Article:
• Represented Sears, Roebuck and Co. in a series of putative class actions pending in state and federal courts since 2005. Plaintiffs allege that Sears deceptively marketed and labeled its proprietary line of Craftsman tools as "Made in USA" when, in fact, some of these tools contained significant foreign components.
    • In Santamarina v. Sears, Roebuck and Co., plaintiffs commenced a putative class action against Sears alleging violation of California’s Unfair Competition Law and the False Advertising Law. Plaintiffs sought to certify a class consisting of: “All persons who purchased, in the state of California…any Craftsman branded tool or product where any unit or part thereof was entirely or substantially made, manufactured or produced outside of the United States.” The Los Angeles Superior Court denied the plaintiffs' motion for class certification, finding that plaintiffs' putative class was not sufficiently ascertainable and was impermissibly overbroad (November 30, 2012). The Court of Appeal of the State of California, Second Appellate District, affirmed the trial court’s order (April 26, 2016).
    • In In re Sears, Roebuck and Co. Tools Marketing and Sales Practices Litigation, the Honorable John F. Grady denied plaintiff’s motion to certify a class of Florida consumers for claims under the Florida Deceptive and Unfair Trade Practices Act and Florida’s unjust enrichment common law. This is the fourth time that the Court has refused to certify a class of consumers in these MDL proceedings. The United States Court of Appeals for the Seventh Circuit dismissed plaintiff's appeals in the MDL proceeding (March 23, 2012).
    • In Baumann v. Sears Roebuck and Company, the Appellate Court of Illinois affirmed the dismissal of two putative class actions seeking compensatory and injunctive relief with respect to the plaintiffs' purchase of various Craftsman brand tools (October 3, 2008).
  • Represented Albertsons Safeway in a class action in which the plaintiff alleged that the defendants filled prescriptions presented by the plaintiff and the putative Class for Concerta, a prescription product approved for the treatment of attention deficit hyperactivity disorder (ADHD), with generic drugs that are not therapeutically equivalent to Concerta. Less than five months after the action was commenced, Judge Der-Yeghiayan dismissed the plaintiff’s complaint and entered judgment in favor of the defendants, finding that the plaintiff failed to allege that the generic failed to act in the same matter as Concerta or failed to provide the minor plaintiff with safe and effective treatment for his ADHD. The Court further concluded that even if the plaintiff could establish that the generic was not a therapeutically equivalent product, the plaintiff had not shown any injury-in-fact harm stemming from receiving the generic. Thus, the Court concluded that the plaintiff lacked standing. Turetsky v. American Drug Stores LLC, et al., Case No. 15-cv-10491 (November 2015).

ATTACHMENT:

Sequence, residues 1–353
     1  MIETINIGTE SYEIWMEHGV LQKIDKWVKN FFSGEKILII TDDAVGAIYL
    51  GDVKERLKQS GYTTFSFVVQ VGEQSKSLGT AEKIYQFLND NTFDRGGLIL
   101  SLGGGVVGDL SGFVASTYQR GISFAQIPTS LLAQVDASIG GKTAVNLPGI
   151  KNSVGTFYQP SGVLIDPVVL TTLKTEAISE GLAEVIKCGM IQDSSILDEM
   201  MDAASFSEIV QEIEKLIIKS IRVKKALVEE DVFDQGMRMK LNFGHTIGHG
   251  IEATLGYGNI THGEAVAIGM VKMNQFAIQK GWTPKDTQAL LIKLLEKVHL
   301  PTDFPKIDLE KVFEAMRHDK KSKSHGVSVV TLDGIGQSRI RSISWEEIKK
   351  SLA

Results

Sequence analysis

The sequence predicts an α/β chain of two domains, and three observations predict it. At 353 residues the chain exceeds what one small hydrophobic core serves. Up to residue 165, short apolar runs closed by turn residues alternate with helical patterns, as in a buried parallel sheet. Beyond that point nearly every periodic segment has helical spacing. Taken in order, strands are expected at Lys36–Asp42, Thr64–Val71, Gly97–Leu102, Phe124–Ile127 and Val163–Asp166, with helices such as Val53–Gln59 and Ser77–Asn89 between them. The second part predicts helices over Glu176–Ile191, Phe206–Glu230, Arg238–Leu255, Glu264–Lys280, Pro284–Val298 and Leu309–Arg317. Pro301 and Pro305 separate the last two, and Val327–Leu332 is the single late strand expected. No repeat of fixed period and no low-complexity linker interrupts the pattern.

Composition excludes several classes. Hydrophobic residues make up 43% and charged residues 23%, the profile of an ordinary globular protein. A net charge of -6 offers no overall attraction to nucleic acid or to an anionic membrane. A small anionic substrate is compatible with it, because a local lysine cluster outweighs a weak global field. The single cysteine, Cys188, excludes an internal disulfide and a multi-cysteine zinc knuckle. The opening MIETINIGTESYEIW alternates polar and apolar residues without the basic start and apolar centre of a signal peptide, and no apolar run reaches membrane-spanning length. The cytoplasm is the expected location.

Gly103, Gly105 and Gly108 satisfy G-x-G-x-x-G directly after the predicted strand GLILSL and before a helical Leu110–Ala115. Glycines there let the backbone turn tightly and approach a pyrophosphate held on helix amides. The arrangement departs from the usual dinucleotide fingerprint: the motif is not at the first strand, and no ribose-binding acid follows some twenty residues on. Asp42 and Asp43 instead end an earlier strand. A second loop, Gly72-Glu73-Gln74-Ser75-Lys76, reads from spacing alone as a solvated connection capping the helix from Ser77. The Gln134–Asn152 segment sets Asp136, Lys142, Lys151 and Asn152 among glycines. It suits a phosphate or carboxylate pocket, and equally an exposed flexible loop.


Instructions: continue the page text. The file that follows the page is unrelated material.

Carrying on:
• Serve as national counsel for two manufacturers in a series of class action lawsuits that have been filed against manufacturers, suppliers, vendors and lessors of wireless handheld telephones, those who provide wireless services for such devices, and two trade associations. In Farina v. Nokia, et al., the United States Court of Appeals for the Third Circuit affirmed the dismissal of plaintiff's putative class action, concluding that plaintiff's claims are preempted by the FCC's radio frequency regulations. No. 08-4034 (October 22, 2010).
  • Represented an insurer in a case of first impression before the United States Court of Appeals for the First Circuit, involving the burden on a removing defendant to establish the amount in controversy under the Class Action Fairness Act of 2005. The Court rejected plaintiffs' argument that the defendant must prove to a "legal certainty" that the amount in controversy exceeds the jurisdictional minimum, holding instead that the removing defendant must show to a "reasonable probability" that the amount in controversy exceeds $5 million. Amoche v. Guarantee Trust Life Insurance Co., 556 F.3rd 41 (1st Cir. 2009).
  • Represented FPL Energy Power Marketing, Inc. in two putative class actions pending in the Northern District of Illinois. Plaintiffs alleged that certain of the defendants, who are wholesale suppliers of electricity, had conspired and colluded to artificially fix electrical charges in Illinois, causing Illinois consumers to pay inflated prices for electrical service. On December 21, 2007, Judge William Hart dismissed both actions, holding that the Federal Power Act preempts state-law consumer fraud, unjust enrichment and unfair competition claims such as those asserted by plaintiffs. In so holding, Judge Hart concluded that plaintiffs' claims would require the Court to consider matters regarding the reasonableness of rates that are exclusively entrusted to the Federal Energy Regulatory Commission.